Computational discovery of small bioactive molecules with molecular docking
Molecular docking is the most practical approach to use protein structures to find new small molecules for biological applications. Notwithstanding recent successes, the method retains important liabilities that make it challenging to deploy on a large scale. We have therefore created an expert system, DOCK Blaster, to investigate the feasibility of complete automation1. DOCK Blaster requires a Protein DataBank (PDB) code, sometimes with a ligand structure, and from that alone can launch a full screen of large chemical libraries. A critical feature is self-assessment, since the method rapidly produces far more results than can be inspected manually. We use the ChEMBL medicinal chemistry database to estimate the anticipated reliability of the automated screening results by the ability to recapitulate known binding data from the literature. From over 4000 proteins tested so far, over half yield results that look compelling enough to commit time and money to pursuing, which we are now doing.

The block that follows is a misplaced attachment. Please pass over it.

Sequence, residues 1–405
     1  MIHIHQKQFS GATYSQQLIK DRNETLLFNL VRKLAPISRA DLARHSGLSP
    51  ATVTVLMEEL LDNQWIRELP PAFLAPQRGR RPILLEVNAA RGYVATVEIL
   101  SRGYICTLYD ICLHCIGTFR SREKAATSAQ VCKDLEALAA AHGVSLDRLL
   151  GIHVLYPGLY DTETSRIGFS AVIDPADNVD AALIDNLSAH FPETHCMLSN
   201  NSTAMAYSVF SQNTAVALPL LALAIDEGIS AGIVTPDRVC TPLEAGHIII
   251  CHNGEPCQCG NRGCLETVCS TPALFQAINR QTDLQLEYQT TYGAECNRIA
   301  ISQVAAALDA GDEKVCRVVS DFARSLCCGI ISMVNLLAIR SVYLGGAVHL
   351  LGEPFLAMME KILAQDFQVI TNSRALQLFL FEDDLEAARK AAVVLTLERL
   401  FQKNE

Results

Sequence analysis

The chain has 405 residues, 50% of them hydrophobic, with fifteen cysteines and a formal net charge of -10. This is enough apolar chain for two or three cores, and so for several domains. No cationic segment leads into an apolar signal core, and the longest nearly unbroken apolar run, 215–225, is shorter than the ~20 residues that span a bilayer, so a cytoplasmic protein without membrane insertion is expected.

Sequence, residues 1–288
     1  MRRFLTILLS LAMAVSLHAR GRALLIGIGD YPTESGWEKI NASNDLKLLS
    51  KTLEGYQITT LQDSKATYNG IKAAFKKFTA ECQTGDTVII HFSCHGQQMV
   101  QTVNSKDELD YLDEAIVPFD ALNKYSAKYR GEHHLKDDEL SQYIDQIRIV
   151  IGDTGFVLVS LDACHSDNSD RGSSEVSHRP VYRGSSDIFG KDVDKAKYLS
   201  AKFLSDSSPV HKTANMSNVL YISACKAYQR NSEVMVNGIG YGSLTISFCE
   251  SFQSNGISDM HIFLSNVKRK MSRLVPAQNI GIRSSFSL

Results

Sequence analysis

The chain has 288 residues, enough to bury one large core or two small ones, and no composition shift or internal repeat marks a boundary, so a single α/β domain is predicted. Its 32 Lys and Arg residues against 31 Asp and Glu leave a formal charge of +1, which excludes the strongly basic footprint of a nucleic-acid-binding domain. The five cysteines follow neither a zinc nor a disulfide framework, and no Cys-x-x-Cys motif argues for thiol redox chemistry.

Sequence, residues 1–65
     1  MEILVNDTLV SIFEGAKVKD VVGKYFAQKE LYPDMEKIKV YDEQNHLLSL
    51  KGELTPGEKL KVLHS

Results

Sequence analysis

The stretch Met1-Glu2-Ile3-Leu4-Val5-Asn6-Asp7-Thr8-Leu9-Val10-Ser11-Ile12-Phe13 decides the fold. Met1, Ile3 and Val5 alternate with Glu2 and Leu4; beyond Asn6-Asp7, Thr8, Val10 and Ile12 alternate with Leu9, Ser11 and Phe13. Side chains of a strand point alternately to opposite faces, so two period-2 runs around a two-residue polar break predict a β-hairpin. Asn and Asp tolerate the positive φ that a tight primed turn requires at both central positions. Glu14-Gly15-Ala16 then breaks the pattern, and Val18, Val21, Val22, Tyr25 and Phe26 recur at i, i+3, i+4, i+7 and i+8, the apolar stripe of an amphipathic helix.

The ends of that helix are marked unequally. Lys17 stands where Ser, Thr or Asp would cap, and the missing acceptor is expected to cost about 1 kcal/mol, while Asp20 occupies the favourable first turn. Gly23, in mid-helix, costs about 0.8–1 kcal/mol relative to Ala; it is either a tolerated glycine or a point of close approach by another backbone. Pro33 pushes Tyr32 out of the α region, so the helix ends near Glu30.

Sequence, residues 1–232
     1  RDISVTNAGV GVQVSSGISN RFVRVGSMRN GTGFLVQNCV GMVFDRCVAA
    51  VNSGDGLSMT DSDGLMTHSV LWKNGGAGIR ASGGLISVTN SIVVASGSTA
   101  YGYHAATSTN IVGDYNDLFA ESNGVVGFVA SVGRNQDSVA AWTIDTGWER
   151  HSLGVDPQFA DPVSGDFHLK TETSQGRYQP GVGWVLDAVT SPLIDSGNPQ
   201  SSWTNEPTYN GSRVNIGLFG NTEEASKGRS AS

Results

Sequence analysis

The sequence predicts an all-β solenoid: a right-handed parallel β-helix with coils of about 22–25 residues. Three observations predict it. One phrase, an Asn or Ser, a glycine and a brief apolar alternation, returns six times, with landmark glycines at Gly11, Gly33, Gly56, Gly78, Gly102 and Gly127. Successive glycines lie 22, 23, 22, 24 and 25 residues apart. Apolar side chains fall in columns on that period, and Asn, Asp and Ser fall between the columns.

John Irwin is Adjunct Associate Professor of Pharmaceutical Chemistry at the University of California San Francisco. For the past decade he has been working on computational ligand discovery, first at Northwestern University Medical School and since 2003 at UCSF. He creates and curates software tools and databases for ligand discovery including:
* ZINC, a free database of commercially available compounds for virtual screening
* DOCK Blaster, a free target based virtual screening web service
* DUD, a dataset for benchmarking target-based virtual screening methods and
* SEA, the Similarity Ensemble Approach for predicting biological targets for molecules.